May 29, 2006

Theoretical Missal Project Via The New Liturgical Movement

In the beginning of May, Shawn Tribe of The New Liturgical Movement suggested to the readers of his blog that they attempt a theoretical revision of the Roman Rite.1 The idea intrigued me and so I set about doing just that. I've not given not submitted what I originally worked up, though I may do so yet. I've been following the discussions and I've found them illuminating if somewhat frustrating. One of the things that I admire about Shawn's blog is the wide readership and the vast cross section of comments that one finds there. I don't assume to speak for Shawn but I think that some of the commentors have entirely missed the point of the exercise. As I understood the "assignment" it was both a look at what sort of liturgy really is the outcome of the application of solid litugical principles and an exercise that allows one to reflect on the practical aspects of reforming the liturgy. To this end I believe that the idea was to look at a variety of opinions that could contribute to our understanding of the liturgical reform as it happened and to provide constructive criticism and discussion among his readership for whatever submissions are published. While some have criticized even the very attempt at producing theoretical missals for review, the process of so attempting has been fruitful and instructing for this reader.
I've always thought of myself as being solidly within the 'reform of the reform' camp. Ostensibly, this meant to me that I am neither for the continuation of current liturgical practice (as regards certain aspects of both the rubrics and the text) nor am I in favor of a wholesale return to the 1962 Roman Missal or its previous editions. I now see that while I have become quite adept at criticizing the reforms as they happened, my own efforts at creating a positive contribution in this regard fall apart under my very own criticisms of the current missal. I found it quite hard to restrain myself once I began the process of looking at just what a theoretical missal might look like. Allow me to outline in brief my thought process as I looked towards creating a theoretical missal.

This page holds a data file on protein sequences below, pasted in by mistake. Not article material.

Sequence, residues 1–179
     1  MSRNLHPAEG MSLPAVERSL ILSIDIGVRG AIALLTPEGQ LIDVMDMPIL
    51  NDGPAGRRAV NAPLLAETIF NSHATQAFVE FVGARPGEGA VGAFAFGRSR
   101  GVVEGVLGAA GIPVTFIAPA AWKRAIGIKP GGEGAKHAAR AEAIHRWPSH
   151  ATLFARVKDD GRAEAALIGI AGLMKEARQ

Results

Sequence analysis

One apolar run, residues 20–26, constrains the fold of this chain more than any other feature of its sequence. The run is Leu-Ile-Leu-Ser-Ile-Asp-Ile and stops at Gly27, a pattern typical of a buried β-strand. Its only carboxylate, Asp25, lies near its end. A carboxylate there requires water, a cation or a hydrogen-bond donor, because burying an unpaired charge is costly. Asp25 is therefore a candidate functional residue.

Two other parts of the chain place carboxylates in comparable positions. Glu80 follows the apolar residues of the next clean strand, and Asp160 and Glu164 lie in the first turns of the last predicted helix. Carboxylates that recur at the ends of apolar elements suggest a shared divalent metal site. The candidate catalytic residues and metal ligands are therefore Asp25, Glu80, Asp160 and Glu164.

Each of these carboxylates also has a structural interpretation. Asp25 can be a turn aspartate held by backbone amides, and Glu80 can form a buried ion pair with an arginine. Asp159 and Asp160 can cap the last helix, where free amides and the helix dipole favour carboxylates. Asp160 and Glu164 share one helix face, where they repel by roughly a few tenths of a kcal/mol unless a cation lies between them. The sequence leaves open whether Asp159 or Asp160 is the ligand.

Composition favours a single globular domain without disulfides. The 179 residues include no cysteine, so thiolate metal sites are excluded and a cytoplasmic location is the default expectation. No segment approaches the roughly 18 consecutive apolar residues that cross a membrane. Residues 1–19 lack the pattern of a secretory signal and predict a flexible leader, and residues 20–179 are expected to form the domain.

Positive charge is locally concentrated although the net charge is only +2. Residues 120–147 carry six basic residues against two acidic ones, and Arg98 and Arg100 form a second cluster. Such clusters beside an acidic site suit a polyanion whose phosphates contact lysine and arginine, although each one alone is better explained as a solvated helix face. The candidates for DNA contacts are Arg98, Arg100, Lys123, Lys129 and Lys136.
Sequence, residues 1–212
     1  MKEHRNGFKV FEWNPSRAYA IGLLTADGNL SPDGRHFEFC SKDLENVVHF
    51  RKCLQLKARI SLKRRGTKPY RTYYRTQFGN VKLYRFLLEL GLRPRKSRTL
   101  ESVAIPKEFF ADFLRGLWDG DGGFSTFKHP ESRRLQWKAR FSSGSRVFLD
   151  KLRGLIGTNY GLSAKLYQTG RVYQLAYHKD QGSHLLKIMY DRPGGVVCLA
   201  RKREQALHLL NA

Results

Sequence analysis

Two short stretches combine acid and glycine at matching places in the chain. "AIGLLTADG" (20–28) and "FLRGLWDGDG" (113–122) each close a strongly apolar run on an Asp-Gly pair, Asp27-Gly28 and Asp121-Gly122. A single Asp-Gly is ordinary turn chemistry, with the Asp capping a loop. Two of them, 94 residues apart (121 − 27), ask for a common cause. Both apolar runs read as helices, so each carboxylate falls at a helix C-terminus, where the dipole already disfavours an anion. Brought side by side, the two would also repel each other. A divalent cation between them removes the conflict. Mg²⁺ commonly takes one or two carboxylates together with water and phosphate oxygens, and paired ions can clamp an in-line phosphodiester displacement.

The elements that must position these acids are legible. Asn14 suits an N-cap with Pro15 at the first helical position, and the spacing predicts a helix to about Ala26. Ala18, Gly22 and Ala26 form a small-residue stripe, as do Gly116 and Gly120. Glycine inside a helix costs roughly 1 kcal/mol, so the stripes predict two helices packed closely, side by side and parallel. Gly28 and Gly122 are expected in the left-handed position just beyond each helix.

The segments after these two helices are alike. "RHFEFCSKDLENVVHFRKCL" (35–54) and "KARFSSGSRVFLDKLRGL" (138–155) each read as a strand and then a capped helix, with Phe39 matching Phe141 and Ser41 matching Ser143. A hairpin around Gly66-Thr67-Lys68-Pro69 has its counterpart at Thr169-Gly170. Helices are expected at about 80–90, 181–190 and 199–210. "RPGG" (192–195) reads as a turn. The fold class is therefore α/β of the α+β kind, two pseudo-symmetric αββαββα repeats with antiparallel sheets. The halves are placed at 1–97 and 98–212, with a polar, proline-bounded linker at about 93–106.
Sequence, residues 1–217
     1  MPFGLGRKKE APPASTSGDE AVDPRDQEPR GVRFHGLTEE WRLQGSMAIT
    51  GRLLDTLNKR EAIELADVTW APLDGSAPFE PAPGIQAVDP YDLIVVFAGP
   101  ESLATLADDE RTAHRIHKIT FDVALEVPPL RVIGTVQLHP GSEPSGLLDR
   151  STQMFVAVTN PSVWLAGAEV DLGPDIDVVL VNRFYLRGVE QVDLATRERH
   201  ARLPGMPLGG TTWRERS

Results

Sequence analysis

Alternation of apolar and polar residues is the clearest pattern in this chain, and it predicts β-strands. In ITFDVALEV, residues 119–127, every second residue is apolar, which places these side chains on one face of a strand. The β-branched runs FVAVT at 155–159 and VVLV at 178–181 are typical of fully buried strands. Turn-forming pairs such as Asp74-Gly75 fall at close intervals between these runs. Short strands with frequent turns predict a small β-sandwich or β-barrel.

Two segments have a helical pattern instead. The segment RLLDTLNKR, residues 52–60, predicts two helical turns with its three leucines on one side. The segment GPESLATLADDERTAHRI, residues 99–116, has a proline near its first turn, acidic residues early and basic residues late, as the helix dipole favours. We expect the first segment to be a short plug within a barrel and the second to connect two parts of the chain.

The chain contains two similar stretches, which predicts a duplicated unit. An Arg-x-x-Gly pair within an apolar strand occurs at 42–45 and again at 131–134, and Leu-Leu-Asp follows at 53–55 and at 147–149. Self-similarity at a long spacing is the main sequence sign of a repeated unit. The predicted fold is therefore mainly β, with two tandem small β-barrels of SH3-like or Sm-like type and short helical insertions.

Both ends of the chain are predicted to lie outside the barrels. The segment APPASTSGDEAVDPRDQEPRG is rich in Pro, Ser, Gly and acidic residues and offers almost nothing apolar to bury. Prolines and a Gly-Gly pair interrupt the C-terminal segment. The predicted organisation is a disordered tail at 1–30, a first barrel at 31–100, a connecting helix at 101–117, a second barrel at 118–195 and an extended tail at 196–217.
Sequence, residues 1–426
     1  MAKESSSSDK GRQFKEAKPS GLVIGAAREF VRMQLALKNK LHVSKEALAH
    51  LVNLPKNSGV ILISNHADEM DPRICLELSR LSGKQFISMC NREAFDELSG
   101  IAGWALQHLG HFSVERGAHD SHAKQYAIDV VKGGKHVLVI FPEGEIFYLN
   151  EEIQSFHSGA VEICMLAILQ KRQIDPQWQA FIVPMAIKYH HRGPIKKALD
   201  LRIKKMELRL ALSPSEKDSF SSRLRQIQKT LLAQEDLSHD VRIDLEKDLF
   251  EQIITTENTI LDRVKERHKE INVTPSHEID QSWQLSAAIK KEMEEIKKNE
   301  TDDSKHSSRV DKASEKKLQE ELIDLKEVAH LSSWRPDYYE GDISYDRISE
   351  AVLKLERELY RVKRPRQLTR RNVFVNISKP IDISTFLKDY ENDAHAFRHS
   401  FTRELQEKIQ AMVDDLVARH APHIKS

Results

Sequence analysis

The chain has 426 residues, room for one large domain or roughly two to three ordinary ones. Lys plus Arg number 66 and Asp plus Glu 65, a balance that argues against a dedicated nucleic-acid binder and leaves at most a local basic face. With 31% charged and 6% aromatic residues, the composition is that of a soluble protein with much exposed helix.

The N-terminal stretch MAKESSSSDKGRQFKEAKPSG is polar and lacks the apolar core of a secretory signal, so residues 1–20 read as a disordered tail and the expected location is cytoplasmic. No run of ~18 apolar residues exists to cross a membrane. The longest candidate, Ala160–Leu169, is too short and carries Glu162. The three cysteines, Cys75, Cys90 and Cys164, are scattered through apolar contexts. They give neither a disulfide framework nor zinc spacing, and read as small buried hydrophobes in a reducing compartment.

The Prayers At The Foot Of The Altar
One of my criticisms of the Missa Normativa is that these prayers (Introibo, Judica me, Confiteor and versicles) are recognizable only in a form that is analagous to how a Pontiac Fiero resembles a Ferrari once it has been fitted with one of those ridiculous body kits. (My apologies to anyone reading this who drives one . . . and my condolences.) The separation of what is now called the Penitential Rite into options A, B and C are undesirable in my opinion and they are no longer said before ascending to the altar. The older prayers are developments to the Roman Rite around the 11th century and have their beginnings before this time in private and yet unscripted or unmandated customs. These prayers express the preparation of the priest and ministers before approaching the altar and all the rites of which I am aware have some form of a preparation even if their forms vary.
Taking my cue from the 1965 Roman Missal, I thought it no loss to drop the Judica Me entirely while leaving the Introibo antiphon and the Adjutorium nostrum. The Confiteor I thought to leave intact in form as found in the 1962 with the exception of the addition of "et omissione" as it is found in the Mozarabic, Carthusian, Dominican and other liturgies. However, I reduced the Confiteor to a single recitation by all but with the priest saying the Misereatur (nostri, nostris, nos) and Indulgentiam. I left intact the whole of the following versicles and responses. But the whole of this I moved to after the Introit or rather I should say that I moved the Introit to the actual procession after which these prayers are said before ascending to the altar.